Finding Good Deals out of Foreclosures

There are lots of good deals you can find from a list of foreclosed properties. A house was foreclosed for various reasons; homeowner failed to buy monthly mortgages and necessary fees to keep ownership of the house. The house’s worth depends on the current condition of the house the moment it was listed as foreclosed property. For expert real estate investors or newbie homebuyer, finding good deals from foreclosure listings is a challenging task, but really worth it.

Tracey C. Velt posted an article in Bankrate the needed steps to a great foreclosure buy, finding best deals at a reasonable cost.

7 Steps To A Great Foreclosure Buy

Getting a good deal on a foreclosed home

Image Source: Bankrate

Foreclosure. It seems half the country is in it and the other half is trying to make a killing on it.

The number of foreclosed homes staggers the imagination and with more adjustable-rate loans about to reset, the end is nowhere in sight. The crisis, however, provides the opportunity to purchase a house that was all but impossible for many to afford in the boom years.

But there are many pitfalls and a hasty buyer can end up in a quagmire.

With investors flocking to capitalize on discounted properties, good deals usually go fast. It’s unrealistic to think you’re going to get a pristine property in a prime location for 50 percent less than area comparables. But 20 percent under the neighborhood market is very possible. If you’re a potential foreclosure buyer, the obvious place to start is price and condition. But there’s far more to it. Consider these seven top tips to get your best deal.

Look for mispriced listings

“This can happen two different ways,” says Sean O’Toole, founder and CEO of

“The underpriced properties get a ton of activity and go quickly, but you can really get a better deal on an overpriced property,” he says.

An overpriced property will generally get little interest and may sit on the market for a year or more. Therefore, when someone actually makes an offer, the bank may act on it quickly.

Make sure repair costs fit the plan

“For the homebuyer who’s up for the challenge, it can mean getting a property at less than market value,” says Aaron Lewis, broker/owner of The Lewis Team at Prudential California Realty in Turlock, Calif.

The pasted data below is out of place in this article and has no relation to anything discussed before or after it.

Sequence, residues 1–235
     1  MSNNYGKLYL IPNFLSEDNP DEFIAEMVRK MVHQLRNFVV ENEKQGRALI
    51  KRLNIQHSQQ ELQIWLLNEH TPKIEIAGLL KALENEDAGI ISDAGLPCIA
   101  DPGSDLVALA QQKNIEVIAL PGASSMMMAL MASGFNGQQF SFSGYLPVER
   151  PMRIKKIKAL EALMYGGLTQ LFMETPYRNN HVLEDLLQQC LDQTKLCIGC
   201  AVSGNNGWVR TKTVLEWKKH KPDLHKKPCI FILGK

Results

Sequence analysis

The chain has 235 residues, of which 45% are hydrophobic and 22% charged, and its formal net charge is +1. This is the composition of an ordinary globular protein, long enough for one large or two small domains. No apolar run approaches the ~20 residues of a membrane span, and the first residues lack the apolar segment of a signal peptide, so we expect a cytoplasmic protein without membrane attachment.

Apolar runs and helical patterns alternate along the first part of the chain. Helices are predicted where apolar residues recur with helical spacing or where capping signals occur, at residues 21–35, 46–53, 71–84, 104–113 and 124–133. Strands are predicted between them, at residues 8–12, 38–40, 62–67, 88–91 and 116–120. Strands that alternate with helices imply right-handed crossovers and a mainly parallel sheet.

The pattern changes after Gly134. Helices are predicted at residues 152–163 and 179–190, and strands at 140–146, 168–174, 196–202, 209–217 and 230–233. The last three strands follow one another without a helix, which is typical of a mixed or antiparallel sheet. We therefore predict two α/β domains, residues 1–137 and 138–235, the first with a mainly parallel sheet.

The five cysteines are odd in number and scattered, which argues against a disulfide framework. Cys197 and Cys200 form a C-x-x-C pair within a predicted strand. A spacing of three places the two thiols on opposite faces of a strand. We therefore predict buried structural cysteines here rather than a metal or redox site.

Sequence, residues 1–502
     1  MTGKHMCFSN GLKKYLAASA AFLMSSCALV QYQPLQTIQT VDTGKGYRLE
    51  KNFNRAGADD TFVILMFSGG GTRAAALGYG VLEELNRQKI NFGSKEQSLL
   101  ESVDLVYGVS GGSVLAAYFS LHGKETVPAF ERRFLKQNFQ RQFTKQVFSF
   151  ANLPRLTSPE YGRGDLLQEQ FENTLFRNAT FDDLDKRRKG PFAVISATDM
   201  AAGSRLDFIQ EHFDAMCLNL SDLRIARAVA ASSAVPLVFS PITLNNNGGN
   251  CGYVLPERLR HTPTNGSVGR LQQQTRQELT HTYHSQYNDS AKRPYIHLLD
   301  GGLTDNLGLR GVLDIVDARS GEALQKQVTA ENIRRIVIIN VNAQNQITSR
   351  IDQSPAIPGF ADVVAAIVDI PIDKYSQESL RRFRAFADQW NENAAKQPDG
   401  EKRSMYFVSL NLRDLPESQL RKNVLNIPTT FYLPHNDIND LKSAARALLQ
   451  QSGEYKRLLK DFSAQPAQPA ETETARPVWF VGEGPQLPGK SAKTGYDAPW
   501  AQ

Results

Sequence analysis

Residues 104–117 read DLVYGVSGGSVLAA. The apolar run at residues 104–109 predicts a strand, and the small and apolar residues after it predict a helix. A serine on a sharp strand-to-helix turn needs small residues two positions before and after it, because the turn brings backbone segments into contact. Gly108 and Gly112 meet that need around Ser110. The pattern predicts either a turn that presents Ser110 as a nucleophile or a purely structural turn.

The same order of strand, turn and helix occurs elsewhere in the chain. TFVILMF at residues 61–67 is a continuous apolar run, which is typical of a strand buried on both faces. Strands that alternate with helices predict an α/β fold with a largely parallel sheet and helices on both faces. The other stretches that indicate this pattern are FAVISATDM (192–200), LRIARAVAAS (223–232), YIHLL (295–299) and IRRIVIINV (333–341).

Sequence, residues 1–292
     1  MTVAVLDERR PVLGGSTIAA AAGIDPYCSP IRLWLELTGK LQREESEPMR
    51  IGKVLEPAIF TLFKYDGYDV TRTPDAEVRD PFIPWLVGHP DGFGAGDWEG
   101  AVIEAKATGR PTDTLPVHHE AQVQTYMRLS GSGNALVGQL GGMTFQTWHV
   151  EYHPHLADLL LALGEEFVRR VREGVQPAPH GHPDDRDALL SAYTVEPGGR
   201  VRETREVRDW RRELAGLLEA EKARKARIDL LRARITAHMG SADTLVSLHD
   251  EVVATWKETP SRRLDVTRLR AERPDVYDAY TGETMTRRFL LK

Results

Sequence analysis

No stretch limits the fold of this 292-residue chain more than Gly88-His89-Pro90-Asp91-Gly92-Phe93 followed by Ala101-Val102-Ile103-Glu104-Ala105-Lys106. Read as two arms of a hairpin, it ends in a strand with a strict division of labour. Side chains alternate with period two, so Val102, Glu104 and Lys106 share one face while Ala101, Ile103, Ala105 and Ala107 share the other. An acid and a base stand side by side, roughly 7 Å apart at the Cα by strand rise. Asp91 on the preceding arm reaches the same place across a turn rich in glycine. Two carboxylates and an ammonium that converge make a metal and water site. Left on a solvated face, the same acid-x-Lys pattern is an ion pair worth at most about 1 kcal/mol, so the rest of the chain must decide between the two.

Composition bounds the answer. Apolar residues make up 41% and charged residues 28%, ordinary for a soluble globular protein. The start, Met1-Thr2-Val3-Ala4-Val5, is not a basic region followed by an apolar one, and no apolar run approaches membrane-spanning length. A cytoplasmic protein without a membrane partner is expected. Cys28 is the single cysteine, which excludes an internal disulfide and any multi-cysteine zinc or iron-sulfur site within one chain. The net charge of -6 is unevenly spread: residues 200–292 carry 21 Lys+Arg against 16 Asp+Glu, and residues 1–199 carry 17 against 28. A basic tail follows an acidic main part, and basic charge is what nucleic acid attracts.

He offers this example: “If the home is listed at $170,000 and needs $10,000 worth of repairs, take a look at comparable properties in the area. If the house would be worth $200,000 with the repairs done, then you’re getting a $200,000 property for $180,000 and that’s a great deal.”

In addition, to move properties more quickly, says F.F. “Chappy” Adams, president of Illustrated Properties, in Palm Beach Gardens, Fla., “lenders are often making significant repairs, replacing major items or offering repair assistance.” That alone may make the home, once repaired, a good investment down the road.

Verify the neighborhood aids appreciation

“A good neighborhood supports your home value over time,” says Lewis. How do you determine that?

In addition to scouring the neighborhoods for well-kept yards, easy access to shopping and short work commute times, look at school scores, says Lewis. “A good school district will usually help housing hold its value over the years.” See full post here…

For some, it may be a crisis, but on the flipside, it is an opportunity to purchase a house that was impossible for a lot of people to afford in the boom years. Always check for the house’s price and its condition. House repairs for damaged house incur additional cost. To avoid this mistake especially for first-time home buyers, check out these cool tips by Jeanne Baron of This Old House.

9 Tips for Buying a Foreclosure

Image Courtesy of This Old House

In this market, buying a foreclosure can mean helping a neighborhood to survive. Here’s what to look out for if you’re considering it

A tide of foreclosed properties has been sweeping into the beleaguered housing market, bringing down property values, dislocating families, and sending municipal governments scrambling to manage the crisis. But some buyers see a once-in-a-lifetime opportunity in the gloomy headlines; they are buying up foreclosed properties at ultra-low prices. Real estate agent John Lynch of Keller Williams Greater Cleveland West says he has interested buyers calling from all over the country, and as far away as Israel. Some are buying in bulk. “One investor I am working with right now wants to buy 200 houses all under 10K.”

Would-be homeowners are not excluded from the bonanza. Despite economic fears and the struggling housing market, Tonya Perkins-Stoudermire of McMullan Realty in Cleveland says this may be an ideal time to think about the dream of first-time home ownership. She tells the story of a friend who waded into the foreclosure market and came out ahead. “My girlfriend bought a house last summer. It has two baths, a two-car garage, and two fireplaces. She loves it. Her house is 350 dollars a month, with taxes and insurance. She’s in her late 40’s and had been a renter all these years.”

Those are the high notes, but these agents tell other stories, too. There’s the one about a far-away buyer who learned he owned a bunch of vacant lots, instead of houses. “It’s not for the faint of heart,” says Lynch. Lynch has seen the same house at foreclosure auctions more than once. “That hurts us all,” says Lynch.